• I've been using left over coffee (cold), protien and a bit of milk with ice to make my own version of the rockstar coffee drinks. Not too bad when I get it right. Jun 23, 2015 at 16:33

Bit gross I know but I just add fats to my morning coffee mix It goes a little something like this.

Strong coffee, brews for 10/15 mins (thus cools a bit in the cafetière) In to a blender I add 15 g organic grass-fed butter 1 tbs MCT oil 1tbs coconut oil Organic whey protein 93% 10/20 g 10g collagen protein Dash of cinnomen Blitz hard for a minute and you get a wonderful frothy late. Fats protect the protein from going clumpy.

You get serious macros in and tonnes of vitamin k from the butter, which if you are in northern hemisphere in winter it is perfect if you are supplementing bit d3.

The important thing here is high quality organic products. It is this vital input that dictates bioavailability, stability and flavour.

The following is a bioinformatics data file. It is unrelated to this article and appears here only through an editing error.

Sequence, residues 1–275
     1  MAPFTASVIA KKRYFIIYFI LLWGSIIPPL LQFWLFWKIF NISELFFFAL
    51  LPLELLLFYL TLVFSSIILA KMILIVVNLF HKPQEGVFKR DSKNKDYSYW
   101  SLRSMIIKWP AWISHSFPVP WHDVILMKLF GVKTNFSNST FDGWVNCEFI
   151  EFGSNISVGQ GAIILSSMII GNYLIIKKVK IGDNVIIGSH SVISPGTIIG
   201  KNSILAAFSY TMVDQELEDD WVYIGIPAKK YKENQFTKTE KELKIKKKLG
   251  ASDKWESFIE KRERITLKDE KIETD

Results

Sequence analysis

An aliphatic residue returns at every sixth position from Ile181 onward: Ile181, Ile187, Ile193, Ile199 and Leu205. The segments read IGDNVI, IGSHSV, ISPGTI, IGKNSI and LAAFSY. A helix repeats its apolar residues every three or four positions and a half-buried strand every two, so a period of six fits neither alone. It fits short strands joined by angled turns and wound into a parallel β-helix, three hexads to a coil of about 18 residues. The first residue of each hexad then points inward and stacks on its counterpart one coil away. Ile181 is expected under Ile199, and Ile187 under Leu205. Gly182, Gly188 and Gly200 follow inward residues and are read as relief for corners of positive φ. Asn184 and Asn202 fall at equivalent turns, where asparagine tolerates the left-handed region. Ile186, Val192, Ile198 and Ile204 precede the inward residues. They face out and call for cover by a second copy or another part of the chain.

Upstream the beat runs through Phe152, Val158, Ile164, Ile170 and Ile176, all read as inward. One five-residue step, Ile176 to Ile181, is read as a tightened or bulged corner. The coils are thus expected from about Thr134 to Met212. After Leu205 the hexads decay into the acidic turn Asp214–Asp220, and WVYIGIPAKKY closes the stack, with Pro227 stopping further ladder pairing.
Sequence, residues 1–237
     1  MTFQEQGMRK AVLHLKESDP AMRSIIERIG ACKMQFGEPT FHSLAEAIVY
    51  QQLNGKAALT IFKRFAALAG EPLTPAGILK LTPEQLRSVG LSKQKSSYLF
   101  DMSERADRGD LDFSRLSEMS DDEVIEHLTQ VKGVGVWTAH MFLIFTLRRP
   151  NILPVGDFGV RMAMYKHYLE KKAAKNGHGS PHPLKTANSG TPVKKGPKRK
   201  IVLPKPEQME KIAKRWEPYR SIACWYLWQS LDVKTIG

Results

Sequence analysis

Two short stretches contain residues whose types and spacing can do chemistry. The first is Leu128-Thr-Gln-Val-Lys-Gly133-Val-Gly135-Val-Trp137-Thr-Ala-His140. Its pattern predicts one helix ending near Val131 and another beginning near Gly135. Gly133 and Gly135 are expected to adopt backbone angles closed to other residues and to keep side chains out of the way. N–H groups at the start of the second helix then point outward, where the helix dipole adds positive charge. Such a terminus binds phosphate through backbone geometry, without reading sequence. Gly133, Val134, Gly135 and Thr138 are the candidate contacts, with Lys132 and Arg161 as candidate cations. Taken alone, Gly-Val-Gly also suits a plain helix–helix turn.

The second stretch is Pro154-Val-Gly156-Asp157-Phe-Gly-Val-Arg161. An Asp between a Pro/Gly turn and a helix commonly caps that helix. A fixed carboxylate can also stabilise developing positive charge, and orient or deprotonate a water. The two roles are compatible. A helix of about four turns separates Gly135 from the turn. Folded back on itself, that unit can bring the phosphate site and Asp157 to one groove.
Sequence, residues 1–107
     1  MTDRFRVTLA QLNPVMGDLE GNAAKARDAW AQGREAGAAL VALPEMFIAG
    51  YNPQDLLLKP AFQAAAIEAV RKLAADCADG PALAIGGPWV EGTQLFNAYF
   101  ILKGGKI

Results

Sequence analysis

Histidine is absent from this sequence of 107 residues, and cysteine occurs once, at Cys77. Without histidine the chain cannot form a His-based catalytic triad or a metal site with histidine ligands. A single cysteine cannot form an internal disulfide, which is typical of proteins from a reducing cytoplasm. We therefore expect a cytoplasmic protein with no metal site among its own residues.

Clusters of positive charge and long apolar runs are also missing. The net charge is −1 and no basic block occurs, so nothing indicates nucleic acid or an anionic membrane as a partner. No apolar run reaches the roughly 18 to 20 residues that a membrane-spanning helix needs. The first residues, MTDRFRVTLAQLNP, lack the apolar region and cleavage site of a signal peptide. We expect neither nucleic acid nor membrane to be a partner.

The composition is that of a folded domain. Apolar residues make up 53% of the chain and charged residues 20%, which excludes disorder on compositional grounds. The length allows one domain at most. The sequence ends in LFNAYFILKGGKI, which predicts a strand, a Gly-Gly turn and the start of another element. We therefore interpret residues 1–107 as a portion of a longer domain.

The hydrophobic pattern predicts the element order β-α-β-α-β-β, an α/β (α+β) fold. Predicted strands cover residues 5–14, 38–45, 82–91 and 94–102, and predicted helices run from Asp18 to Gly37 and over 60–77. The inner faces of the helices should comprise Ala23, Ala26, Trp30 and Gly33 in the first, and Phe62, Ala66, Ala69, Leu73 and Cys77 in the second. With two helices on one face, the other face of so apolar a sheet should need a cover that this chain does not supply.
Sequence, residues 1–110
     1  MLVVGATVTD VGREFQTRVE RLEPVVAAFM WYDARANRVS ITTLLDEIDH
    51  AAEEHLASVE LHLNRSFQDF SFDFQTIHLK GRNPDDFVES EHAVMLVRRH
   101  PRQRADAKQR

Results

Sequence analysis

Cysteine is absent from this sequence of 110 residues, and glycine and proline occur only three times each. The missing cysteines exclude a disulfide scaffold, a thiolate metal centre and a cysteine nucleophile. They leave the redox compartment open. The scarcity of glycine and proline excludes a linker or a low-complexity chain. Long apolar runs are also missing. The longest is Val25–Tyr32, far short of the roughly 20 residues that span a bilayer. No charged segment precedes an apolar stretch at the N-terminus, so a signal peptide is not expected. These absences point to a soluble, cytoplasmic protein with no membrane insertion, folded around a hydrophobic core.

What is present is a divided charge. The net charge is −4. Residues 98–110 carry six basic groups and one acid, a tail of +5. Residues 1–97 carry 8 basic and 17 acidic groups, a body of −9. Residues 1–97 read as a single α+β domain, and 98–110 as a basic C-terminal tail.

Don't mix hot liquid with protein powder, from my experience it "cooks" and or becomes very very messy and separates. What I have found to be very tasty is mixing room temperature coffee with chocolate protein powder.


I did it for the first time and it worked perfect.

1 scoop chocolate whey into a glass. Add a bit of milk and water to blend.1/2 cup maybe? Enough that I was going to drink it so it was smooth but instead I added it to my coffee.

Voila! No added milk needed as it cooled the coffee off perfect.



There are protein powders made for heated liquids. I drink bariatric advantage hot chocolate but I know there are tons of unflavored powders for hot liquid.